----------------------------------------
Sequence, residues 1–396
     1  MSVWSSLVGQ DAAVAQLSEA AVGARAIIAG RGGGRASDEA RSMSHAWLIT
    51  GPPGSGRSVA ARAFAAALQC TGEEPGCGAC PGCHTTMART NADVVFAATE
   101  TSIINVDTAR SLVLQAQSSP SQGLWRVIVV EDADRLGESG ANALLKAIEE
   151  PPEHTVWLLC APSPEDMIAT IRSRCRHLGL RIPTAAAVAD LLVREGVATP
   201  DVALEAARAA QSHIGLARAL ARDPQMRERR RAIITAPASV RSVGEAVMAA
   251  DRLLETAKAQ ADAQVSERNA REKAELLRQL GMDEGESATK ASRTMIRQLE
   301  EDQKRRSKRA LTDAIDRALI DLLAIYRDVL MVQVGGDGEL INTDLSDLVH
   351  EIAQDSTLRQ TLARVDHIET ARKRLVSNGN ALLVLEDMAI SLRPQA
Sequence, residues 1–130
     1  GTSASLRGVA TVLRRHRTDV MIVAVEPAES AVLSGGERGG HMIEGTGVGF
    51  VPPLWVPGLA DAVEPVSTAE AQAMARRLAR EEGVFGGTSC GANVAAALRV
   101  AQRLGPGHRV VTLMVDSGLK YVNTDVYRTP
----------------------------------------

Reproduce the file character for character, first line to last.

Sequence, residues 1–396
     1  MSVWSSLVGQ DAAVAQLSEA AVGARAIIAG RGGGRASDEA RSMSHAWLIT
    51  GPPGSGRSVA ARAFAAALQC TGEEPGCGAC PGCHTTMART NADVVFAATE
   101  TSIINVDTAR SLVLQAQSSP SQGLWRVIVV EDADRLGESG ANALLKAIEE
   151  PPEHTVWLLC APSPEDMIAT IRSRCRHLGL RIPTAAAVAD LLVREGVATP
   201  DVALEAARAA QSHIGLARAL ARDPQMRERR RAIITAPASV RSVGEAVMAA
   251  DRLLETAKAQ ADAQVSERNA REKAELLRQL GMDEGESATK ASRTMIRQLE
   301  EDQKRRSKRA LTDAIDRALI DLLAIYRDVL MVQVGGDGEL INTDLSDLVH
   351  EIAQDSTLRQ TLARVDHIET ARKRLVSNGN ALLVLEDMAI SLRPQA
Sequence, residues 1–130
     1  GTSASLRGVA TVLRRHRTDV MIVAVEPAES AVLSGGERGG HMIEGTGVGF
    51  VPPLWVPGLA DAVEPVSTAE AQAMARRLAR EEGVFGGTSC GANVAAALRV
   101  AQRLGPGHRV VTLMVDSGLK YVNTDVYRTP